I think I grew up in a fairly normal way in a family that lived a pretty normal life. I lived in the neighborhood, I called mine, until I was about 18. It was located right on the east side of Wichita and just up the street from Beech Aircraft Plant number one. During the workweek, the parking lot behind our house was filled with the cars of Beech employees. During the weekends and after about 3:30 each day it was almost empty. Lord forbids that you were out on the streets of my neighborhood about 3:30 to 3:45 each day. More old dogs dies during that time period than any other as the Beechcrafters rushed out to get away from their workplace.
In this more rural neighborhood than city, we had neighbors that had chickens and for some reason we seemed to have a lot of live chickens that my dad killed. The first animal I saw die was a chicken. Dad swung that chicken by the neck and jerked the head off. That chicken flopped around the yard much to the laughter and delight of the kids over to watch.
When my sisters were in High School at South East High, a carload of kids raced around a corner in Forrest Hills and smacked a tree in what became known as dead man's curve. I heard about it and curiosity got the best of me. I knew exactly where they hit the tree and it was about a half mile from my house. I got one of my friends to come and we rode over there on our bikes. By the time we got there the only signs of the accident was the broken glass and different fluids on the ground. There wasn’t any EPA in the 50’s and no one much gave a damn about fluids from an accident leaking into the ditch. At the base of the tree there was a pool of dark, almost black fluid. I couldn’t tell if it had leaked out of a person or one of the cars. I put my finger in it and saw that it was a dark red. In those days most of the old cars didn’t have automatic transmissions so if it was red it was probably blood. I later heard that one of the kids that were killed was trapped in the car up against the tree so it probably was blood. I sat down and tried to imagine what it must have been like there in that scene as life left that poor guy.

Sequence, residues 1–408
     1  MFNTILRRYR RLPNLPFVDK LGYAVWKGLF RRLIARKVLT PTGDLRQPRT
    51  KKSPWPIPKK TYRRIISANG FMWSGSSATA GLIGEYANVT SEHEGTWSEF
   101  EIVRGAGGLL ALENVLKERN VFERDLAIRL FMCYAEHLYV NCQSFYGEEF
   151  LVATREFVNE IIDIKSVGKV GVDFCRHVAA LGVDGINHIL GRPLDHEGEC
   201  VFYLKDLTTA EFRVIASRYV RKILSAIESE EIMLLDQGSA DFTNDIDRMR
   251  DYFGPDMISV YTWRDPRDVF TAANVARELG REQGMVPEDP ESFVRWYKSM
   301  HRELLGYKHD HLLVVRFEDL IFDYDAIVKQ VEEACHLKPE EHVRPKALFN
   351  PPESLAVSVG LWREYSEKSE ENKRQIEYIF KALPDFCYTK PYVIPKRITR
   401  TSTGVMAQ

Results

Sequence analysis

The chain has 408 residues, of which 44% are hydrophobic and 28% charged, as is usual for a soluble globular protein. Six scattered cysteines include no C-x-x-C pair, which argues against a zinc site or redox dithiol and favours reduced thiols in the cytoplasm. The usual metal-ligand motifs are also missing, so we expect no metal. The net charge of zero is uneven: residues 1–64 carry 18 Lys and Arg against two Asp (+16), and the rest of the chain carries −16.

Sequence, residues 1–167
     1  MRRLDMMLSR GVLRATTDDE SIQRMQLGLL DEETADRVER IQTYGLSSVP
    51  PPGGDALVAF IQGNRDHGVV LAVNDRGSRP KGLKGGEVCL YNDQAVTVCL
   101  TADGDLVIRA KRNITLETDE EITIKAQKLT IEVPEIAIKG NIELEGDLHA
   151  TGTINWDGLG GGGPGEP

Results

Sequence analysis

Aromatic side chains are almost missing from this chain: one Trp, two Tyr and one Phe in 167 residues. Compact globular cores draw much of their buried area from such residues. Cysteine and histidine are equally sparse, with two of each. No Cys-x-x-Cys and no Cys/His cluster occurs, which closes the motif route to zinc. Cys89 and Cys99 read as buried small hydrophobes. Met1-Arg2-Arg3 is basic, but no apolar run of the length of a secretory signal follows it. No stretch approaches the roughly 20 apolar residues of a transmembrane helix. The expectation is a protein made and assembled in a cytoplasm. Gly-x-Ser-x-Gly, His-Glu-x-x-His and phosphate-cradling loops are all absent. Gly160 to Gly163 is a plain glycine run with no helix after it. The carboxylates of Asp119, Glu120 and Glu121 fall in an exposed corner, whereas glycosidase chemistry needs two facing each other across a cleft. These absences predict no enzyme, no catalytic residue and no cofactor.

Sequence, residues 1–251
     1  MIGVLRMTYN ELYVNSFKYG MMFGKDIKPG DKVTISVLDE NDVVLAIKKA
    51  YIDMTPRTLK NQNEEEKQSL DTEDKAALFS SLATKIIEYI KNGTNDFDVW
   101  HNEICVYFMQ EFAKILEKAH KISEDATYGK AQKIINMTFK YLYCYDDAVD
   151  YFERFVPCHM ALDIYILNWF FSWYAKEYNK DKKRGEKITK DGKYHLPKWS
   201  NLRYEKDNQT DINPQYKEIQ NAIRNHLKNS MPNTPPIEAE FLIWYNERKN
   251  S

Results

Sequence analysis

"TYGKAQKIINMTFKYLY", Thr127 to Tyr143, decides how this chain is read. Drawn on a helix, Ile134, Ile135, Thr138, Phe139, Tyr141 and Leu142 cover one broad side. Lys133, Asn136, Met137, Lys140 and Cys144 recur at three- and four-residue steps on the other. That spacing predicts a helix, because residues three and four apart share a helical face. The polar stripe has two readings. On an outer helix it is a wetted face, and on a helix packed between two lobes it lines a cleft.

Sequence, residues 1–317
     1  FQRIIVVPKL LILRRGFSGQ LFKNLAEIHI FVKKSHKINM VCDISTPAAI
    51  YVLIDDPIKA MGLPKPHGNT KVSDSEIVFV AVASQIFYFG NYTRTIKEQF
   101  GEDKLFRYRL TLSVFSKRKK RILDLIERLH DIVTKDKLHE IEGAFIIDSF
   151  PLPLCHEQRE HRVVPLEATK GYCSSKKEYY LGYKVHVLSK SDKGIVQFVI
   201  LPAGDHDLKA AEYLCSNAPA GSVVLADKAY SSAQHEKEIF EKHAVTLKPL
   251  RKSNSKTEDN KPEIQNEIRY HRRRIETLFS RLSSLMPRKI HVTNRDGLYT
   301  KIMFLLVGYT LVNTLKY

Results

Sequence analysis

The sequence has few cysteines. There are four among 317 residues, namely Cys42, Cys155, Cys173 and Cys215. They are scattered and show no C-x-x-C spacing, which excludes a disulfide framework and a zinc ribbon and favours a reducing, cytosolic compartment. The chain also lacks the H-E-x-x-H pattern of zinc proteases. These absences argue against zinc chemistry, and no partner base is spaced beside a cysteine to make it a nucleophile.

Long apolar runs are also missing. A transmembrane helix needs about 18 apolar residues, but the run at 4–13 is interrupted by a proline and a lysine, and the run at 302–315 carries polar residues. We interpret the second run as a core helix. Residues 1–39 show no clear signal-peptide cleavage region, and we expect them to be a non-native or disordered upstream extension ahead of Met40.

I continued to be exposed to blood and guts because my Grandfather loved to hunt pheasants up in north central Kansas. We also killed our fair share of rabbits and least one skunk that dad shot after it sprayed him. My grandfather Curly Fruits would clean the birds in the most curious manner I had ever seen. He would cut the birds head off and split the skin from the throat to the rear end of the bird. He would then basically pull the skin and feathers off in one complete piece. He would then take his knife and gut the bird. The birds were taken into the house where my Grandmother played her magic and made the most wonderful tasting fried pheasant you ever ate. I think she would soak the carcasses in salt water for a while and then cut them up. After a slow baking in the oven for a while she would then coat them in flour and fry the pieces.
I’m sure that during my childhood I saw about every animal in Kansas and some in Arkansas get cut up and eaten. Squirrels, birds, frog legs, turtles, fish and all the normal farm animals were cleaned, cooked and eaten. I watched most of the cleaning and had a large curiosity about the process of death and cleaning. I had a real talent in eating then and it did not slow me down one bit to see something killed and then eat it. I thought that was a normal way for most people to be. I know my grandfather and my dad sure ate what they killed and cleaned.
On one trip to Arkansas, we went over to Table Rock Lake to fish. When we returned home, we took the fish down to the spring to clean them and get them ready for Grandma. I was sitting there on the ground and had a stringer of fish in the pool of water in front of me. I was scaling one of the fish I heard my dad and grandpa Curly giggling like a couple of kids. I looked at them and asked them what was so damn funny. Dad pointed to the stringer of fish. Right there in the water within a couple of feet of my feet was a damn water moccasin trying to eat one of the fish. Those darned fools didn’t tell me anything about the snake. Much later on I saw a nature program about snakes and they said that the cottonmouth or water moccasin was generally one of the least likely to bite you if it had something else to do. I did, I jumped to my feet in one fell swoop and threw the fish scaler at the snake. It wasn’t funny to me but the men had a real laugh at that one.
End of Part 1, 4292